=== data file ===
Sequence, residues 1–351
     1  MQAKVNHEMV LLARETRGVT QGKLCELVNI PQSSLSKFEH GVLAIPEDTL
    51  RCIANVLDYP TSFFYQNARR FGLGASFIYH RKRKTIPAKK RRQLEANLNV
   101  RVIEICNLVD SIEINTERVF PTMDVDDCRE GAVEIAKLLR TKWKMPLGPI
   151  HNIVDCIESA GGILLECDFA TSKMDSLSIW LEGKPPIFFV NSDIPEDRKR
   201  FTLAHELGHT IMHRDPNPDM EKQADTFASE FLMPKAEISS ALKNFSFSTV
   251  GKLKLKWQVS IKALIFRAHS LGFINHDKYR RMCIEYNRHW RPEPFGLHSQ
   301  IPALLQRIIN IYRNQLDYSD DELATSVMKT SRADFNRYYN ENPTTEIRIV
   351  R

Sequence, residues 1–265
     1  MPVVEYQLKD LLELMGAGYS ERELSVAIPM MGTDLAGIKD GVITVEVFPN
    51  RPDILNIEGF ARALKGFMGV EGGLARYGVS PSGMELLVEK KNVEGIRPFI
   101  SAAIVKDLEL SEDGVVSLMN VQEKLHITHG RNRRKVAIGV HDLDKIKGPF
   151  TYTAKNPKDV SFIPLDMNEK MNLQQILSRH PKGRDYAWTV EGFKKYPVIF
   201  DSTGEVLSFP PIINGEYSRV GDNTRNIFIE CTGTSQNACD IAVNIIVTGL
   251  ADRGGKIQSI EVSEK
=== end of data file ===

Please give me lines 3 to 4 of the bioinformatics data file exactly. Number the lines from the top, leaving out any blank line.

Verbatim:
    51  RCIANVLDYP TSFFYQNARR FGLGASFIYH RKRKTIPAKK RRQLEANLNV
   101  RVIEICNLVD SIEINTERVF PTMDVDDCRE GAVEIAKLLR TKWKMPLGPI